Coronavirus Detected In Nantucket Wastewater Soars To Record Levels

The Surfside Wastewater Treatment Facility.

Written By: Jason Graziadei | Photography By: Kit Noble

The concentration of coronavirus detected in Nantucket sewage has soared to a record-breaking level in the latest sample taken at the town’s Surfside Wastewater Treatment Facility. 

The sample, collected on Dec. 27 and analyzed by the company Biobot, puts Nantucket in the 91st percentile for virus concentration in wastewater compared to other communities that conduct similar testing. The estimated incidence rate based on the concentration of the SARS-CoV-2 virus detected in island sewage would equate to 55 new cases per day. See the full report here. 

The town has funded weekly sewage testing on the island as a tool to provide policymakers and health officials with an early-warning sign of a pending surge of COVID-19 cases. 

New COVID-19 cases diagnosed through testing have indeed spiked (although the latest data is from Dec. 29), but the island’s high vaccination rate has generally protected Nantucket’s population from more severe cases resulting in hospitalizations or deaths, public health officials said. 

“Though we are seeing a significant spike of cases, this is not unexpected as the seasonality of airborne viruses is well known,” Nantucket Health Department Director Roberto Santamaria told the Current in a recent interview. “With Nantucket’s high vaccination rate, we hope to continue the trend of low hospitalization this winter”

Nantucket’s Board of Health has closely watched the weekly wastewater testing reports provided by Biobot, with Santamaria calling the metric the most reliable data point in assessing the prevalence of coronavirus in the community. For several months, the Board of Health implemented a policy that automatically triggered an indoor mask order if the concentration of coronavirus exceeded the 50th percentile compared to other communities. But Santamaria emphasized at the board’s December meeting that using the wastewater metric as the sole basis for policy decisions was a volatile proposition. The board agreed, and voted last month to ditch the policy and implement an islandwide mask advisory, but no mandate. 

Last Friday, Nantucket Cottage Hospital (NCH) reported four patients were hospitalized with COVID-19, which would be among the highest, if not the highest, number of patients admitted to the hospital due to the virus at one time during the entire pandemic. But it was still not a number that threatened to overwhelm the hospital’s ability to provide care.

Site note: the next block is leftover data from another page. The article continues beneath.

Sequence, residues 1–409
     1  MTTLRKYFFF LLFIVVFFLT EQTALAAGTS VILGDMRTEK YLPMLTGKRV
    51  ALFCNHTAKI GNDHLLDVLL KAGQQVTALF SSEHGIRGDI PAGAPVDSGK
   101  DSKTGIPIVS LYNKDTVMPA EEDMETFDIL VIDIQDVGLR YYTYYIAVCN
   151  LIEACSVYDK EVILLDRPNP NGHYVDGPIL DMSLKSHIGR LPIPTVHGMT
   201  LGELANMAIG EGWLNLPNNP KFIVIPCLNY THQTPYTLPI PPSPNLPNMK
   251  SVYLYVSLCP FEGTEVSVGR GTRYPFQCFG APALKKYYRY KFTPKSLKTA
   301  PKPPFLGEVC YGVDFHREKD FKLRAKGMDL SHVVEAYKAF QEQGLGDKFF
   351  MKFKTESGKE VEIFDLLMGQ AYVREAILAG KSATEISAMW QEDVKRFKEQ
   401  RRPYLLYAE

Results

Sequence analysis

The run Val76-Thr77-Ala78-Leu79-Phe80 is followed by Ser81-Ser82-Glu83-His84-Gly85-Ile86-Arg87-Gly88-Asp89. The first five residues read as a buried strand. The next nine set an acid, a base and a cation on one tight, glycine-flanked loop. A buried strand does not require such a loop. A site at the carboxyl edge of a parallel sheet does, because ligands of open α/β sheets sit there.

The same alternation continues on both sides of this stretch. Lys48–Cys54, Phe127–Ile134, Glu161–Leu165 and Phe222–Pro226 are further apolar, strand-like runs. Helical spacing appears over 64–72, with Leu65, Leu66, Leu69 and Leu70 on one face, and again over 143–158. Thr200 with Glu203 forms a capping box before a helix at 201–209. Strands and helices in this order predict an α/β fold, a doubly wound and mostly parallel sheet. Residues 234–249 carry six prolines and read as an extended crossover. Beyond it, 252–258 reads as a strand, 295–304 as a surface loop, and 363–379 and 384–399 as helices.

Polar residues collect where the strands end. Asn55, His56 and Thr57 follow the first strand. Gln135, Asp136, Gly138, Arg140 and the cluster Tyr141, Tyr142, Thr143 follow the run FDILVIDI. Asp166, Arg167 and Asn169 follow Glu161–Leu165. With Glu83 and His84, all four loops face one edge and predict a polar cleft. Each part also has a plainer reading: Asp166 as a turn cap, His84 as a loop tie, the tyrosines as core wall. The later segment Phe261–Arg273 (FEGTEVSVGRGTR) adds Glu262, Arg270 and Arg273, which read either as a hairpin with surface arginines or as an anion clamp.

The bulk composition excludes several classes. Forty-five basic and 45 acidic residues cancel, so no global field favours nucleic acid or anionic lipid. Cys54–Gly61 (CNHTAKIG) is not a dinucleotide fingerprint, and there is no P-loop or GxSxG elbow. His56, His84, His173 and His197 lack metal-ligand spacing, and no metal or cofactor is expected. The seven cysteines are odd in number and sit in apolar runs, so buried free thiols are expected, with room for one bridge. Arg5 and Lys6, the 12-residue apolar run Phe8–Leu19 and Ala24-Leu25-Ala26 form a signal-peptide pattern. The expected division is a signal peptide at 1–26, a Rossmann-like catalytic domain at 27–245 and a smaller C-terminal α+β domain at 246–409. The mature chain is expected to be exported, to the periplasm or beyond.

The vaccination status of those patients is not known. While other hospitals report that information, NCH cited privacy concerns as the reason for not providing the vaccination status of those patients being treated for COVID-19. “We recognize that other hospitals in larger metropolitan areas are releasing the vaccination status of COVID-19 patients, but due to the small pool of patients here at NCH, we’ve opted to limit the amount of additional information we’re releasing out of respect for patient privacy,” hospital public information manager James Lanza said.

The spike in coronavirus detected in Nantucket sewage mimics a similar surge observed in Boston-area wastewater over the past week. 

According to the CDC, wastewater testing should not replace existing COVID-19 surveillance programs, but is meant to complement them by providing trend data when timely clinical testing is underutilized or inaccessible. By testing wastewater frequently, the metric can be a leading indicator of COVID-19 prevalence in a community. 

However, the CDC does caution that “it is not possible to reliably and accurately predict the number of infected individuals in a community based on sewage testing.”

Last week Gov. Baker deployed two members of the Massachusetts National Guard to Nantucket Cottage Hospital – part of a statewide deployment of more than 500 service members – to assist with hospital staffing shortages and the surge of COVID-19 cases across the state. 

Watch the latest joint video update on Nantucket’s COVID-19 status from Nantucket Cottage Hospital and the Nantucket Health Department (Dec. 21, 2021) : 

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